As a greeting or introduction, it’s basically always “welcome to” rather than “welcome at” or “welcome on” or any other such preposition.
It’s often the very first sentence in your presentation or on your website or whatever, and it doesn’t make a great impression to start with even a minor blooper…
- Welcome to our website, Welcome to my home, Welcome to this conference, Welcome to our hotel
You’re always safe with “to”
- You might perhaps use other words in a running sentence, such as We made them welcome in our home or They offered us a warm welcome on their island. But that’s not the “hi there” context that I’m talking about.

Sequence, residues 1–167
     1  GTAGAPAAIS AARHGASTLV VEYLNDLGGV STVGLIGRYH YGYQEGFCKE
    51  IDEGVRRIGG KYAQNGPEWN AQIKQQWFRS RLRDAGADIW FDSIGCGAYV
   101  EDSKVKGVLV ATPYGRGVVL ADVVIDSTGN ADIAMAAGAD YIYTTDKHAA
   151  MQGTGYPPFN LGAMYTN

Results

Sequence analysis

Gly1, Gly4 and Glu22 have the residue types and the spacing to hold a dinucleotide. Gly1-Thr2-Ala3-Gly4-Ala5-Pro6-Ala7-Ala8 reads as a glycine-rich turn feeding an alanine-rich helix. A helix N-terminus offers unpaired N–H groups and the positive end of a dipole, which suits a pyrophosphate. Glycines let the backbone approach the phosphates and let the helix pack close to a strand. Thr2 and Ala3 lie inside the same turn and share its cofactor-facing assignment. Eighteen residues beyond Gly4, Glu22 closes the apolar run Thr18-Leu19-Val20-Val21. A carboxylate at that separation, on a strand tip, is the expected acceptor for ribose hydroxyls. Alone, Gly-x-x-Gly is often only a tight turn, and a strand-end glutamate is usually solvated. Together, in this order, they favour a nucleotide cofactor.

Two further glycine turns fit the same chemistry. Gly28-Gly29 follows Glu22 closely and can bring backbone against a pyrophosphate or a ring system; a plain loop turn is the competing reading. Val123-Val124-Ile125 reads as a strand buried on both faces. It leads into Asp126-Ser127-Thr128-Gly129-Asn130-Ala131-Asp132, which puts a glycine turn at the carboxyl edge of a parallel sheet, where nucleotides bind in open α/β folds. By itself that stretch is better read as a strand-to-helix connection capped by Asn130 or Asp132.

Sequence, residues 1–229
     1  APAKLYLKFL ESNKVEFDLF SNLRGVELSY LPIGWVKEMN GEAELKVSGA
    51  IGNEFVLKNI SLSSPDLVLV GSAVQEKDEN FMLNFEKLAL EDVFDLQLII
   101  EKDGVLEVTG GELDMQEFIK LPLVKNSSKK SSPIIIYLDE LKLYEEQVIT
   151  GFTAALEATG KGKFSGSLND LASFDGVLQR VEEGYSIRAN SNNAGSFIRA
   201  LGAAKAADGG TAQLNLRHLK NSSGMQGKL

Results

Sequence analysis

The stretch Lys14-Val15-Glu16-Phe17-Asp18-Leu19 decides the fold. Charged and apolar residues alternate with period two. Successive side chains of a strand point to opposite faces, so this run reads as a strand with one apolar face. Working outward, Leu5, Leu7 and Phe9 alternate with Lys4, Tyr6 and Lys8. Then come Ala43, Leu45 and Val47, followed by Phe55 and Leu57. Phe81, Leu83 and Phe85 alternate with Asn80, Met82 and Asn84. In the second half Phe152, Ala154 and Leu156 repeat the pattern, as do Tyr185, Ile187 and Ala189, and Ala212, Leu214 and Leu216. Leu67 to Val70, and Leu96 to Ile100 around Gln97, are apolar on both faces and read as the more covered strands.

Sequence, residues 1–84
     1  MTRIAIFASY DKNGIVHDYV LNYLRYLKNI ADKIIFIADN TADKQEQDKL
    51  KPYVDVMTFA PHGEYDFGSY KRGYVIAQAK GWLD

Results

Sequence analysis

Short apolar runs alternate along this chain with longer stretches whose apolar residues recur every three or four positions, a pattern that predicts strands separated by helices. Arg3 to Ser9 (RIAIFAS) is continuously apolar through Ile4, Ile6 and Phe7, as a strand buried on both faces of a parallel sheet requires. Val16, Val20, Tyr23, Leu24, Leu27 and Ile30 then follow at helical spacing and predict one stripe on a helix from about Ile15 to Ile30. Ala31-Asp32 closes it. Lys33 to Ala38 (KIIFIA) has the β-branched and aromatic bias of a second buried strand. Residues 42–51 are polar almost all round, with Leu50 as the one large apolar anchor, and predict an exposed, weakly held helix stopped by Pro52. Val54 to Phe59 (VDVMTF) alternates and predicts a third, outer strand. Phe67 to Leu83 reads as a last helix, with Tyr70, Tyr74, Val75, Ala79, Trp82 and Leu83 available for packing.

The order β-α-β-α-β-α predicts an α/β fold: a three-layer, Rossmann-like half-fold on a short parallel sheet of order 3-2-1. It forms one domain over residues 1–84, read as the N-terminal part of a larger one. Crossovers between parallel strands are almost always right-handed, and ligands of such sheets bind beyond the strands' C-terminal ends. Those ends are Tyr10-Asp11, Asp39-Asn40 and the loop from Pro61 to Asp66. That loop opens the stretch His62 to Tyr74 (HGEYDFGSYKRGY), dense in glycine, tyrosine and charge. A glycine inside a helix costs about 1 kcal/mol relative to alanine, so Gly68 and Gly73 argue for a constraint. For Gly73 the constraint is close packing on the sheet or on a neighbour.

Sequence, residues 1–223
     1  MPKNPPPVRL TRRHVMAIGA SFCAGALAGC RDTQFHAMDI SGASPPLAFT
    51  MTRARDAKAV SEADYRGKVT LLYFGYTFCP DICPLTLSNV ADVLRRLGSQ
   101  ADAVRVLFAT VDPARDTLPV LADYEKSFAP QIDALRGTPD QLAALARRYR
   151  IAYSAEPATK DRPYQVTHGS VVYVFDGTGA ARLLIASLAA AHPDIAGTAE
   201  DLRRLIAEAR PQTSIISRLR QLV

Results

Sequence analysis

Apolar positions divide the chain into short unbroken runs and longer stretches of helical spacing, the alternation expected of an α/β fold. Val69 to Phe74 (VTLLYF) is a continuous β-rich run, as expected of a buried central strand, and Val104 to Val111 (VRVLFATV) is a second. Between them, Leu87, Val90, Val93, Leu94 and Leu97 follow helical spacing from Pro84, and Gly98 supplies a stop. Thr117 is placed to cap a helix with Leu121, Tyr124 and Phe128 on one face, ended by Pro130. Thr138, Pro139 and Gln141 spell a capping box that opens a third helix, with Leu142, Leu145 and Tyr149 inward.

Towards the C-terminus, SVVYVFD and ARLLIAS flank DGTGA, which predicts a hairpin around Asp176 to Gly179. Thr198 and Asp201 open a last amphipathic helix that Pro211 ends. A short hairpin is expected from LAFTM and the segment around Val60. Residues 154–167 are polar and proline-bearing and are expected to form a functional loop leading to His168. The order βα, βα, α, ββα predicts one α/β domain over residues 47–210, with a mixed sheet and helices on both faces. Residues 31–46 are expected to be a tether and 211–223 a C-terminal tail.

There may be plenty of other words used in running text, and probably examples of different usages, but the basic point is that “to” is okay and won’t sound clunky.
Prevalence: high. Another of these ones where non-native authors don’t try to think what the English speaker would actually say.
Frequency: low. By its very nature as an introductory text, it’s not an error that occurs more than once in a document.
Native: no. Though I’d not be surprised to see a few examples of different usage.